People tend to believe that their opinions are common. False consensus describes this phenomenon, as people believe that the consensus opinion (or majority opinion) agrees with their own, regardless of what their opinion is.
There is also the idea of false uniqueness, which describes the misjudgment of one’s similarity to others. For example, people are given a choice between two uncomfortable situations. Then they are asked how much discomfort they expected to experience in the situation they chose. Also, they are asked which experience they believed most people would choose, and how much discomfort most people would experience. Subjects responded that they believed others would choose the same alternative they did, but that other people would not experience as much discomfort as they would. Thus, people’s responses suggest others would have the same opinion as they did (make the same choice), but others would not feel as much as they would (experience as much discomfort).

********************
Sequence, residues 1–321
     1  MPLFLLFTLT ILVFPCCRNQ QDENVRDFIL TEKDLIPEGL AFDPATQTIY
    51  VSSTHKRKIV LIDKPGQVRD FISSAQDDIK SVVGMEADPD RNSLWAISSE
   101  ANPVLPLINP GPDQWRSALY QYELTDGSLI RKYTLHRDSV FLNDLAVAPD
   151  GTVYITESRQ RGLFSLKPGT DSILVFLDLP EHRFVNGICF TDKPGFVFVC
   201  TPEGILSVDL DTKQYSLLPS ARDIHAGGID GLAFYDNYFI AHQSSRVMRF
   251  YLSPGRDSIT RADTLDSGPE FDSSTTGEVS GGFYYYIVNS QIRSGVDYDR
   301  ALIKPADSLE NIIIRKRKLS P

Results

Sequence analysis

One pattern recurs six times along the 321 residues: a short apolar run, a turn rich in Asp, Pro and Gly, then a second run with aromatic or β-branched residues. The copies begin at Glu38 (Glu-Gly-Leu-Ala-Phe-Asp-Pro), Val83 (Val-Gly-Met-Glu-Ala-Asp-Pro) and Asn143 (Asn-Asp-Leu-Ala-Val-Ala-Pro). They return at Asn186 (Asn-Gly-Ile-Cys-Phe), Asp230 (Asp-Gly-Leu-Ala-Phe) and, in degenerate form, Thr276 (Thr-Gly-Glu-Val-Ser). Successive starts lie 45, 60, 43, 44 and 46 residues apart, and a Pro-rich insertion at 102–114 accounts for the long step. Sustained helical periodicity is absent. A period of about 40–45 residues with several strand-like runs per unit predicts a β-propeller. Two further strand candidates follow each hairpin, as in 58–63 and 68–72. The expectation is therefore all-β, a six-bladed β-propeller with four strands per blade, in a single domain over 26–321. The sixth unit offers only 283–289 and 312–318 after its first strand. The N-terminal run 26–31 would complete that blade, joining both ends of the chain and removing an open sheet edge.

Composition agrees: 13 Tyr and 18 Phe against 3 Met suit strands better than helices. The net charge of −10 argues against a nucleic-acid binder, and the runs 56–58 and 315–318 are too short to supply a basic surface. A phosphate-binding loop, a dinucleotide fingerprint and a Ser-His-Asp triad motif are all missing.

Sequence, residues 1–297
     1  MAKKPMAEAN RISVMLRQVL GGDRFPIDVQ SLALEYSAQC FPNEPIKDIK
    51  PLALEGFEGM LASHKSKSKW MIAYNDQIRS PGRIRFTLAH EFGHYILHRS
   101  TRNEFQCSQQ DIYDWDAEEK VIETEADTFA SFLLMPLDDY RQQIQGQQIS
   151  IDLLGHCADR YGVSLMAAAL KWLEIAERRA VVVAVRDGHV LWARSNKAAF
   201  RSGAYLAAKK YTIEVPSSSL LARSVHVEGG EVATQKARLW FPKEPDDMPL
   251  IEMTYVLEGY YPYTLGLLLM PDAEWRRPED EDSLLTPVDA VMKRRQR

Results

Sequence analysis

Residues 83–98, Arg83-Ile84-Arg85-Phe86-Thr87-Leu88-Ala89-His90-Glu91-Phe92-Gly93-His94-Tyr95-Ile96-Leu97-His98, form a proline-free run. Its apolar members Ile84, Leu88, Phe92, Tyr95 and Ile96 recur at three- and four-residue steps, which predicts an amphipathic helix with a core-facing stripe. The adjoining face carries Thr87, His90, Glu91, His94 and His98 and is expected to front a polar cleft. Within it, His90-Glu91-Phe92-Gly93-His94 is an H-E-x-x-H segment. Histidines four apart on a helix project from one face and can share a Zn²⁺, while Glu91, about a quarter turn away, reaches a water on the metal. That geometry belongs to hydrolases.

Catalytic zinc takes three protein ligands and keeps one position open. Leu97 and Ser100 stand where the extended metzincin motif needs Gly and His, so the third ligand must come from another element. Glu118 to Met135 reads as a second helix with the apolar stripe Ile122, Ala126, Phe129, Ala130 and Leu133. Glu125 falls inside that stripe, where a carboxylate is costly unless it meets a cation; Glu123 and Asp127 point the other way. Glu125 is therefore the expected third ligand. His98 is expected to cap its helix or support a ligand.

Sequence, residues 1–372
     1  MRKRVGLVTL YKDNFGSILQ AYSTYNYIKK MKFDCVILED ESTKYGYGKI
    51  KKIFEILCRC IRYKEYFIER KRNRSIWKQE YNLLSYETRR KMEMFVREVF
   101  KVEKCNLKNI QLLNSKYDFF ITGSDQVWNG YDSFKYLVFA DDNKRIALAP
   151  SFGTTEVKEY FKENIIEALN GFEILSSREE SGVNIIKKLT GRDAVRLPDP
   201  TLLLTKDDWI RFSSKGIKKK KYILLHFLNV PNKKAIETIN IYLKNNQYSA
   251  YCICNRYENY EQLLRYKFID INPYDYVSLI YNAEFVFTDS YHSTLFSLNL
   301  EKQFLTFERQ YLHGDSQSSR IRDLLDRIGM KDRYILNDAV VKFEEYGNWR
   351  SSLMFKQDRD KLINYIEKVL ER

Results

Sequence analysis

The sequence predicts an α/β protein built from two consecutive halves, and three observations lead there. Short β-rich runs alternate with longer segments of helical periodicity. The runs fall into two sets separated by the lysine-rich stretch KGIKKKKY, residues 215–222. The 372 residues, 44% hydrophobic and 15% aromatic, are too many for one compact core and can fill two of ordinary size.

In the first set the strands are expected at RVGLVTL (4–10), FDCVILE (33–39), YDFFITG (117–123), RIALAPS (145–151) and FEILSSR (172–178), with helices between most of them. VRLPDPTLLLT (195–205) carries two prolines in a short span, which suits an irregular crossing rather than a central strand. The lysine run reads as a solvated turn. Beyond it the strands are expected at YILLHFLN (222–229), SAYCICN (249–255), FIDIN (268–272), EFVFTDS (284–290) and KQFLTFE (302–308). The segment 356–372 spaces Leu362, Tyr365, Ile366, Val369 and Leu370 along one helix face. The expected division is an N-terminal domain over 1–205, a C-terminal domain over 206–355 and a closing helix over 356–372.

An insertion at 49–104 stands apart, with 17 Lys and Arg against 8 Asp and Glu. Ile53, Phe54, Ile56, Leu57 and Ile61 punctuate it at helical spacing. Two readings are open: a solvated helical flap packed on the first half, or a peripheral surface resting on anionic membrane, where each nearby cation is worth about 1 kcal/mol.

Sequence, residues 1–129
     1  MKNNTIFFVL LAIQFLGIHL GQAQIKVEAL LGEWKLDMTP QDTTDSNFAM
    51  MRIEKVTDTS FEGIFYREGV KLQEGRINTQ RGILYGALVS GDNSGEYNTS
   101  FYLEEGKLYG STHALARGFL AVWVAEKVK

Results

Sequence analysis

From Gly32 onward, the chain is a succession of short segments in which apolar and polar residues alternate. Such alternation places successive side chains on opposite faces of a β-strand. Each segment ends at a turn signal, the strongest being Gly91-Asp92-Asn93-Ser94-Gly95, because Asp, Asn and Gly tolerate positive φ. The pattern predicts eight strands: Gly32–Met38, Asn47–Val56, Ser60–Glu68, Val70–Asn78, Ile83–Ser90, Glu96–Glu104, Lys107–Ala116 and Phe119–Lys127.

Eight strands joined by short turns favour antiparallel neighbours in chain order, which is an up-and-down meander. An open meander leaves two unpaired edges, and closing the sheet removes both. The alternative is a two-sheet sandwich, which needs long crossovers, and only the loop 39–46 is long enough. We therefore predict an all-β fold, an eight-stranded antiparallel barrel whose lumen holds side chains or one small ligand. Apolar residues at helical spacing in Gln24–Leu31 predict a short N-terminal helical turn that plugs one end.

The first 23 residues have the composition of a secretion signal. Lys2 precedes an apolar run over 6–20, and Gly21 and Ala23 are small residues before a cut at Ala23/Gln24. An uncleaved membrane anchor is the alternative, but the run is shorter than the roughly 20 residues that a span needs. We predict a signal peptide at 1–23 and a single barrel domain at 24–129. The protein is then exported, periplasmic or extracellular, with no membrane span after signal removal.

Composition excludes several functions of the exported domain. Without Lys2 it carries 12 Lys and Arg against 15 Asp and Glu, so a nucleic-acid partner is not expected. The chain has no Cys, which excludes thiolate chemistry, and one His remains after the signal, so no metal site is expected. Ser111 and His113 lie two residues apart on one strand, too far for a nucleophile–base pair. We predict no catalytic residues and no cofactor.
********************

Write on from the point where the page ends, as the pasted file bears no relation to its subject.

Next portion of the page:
Interestingly, people believe that the ability that they are best at is not shared by many people. However, the same people also believe that the opinion that is the most important to them is commonly held. Thus, people seem to be saying that they are unique and common simultaneously. Unique in ability, and common in belief.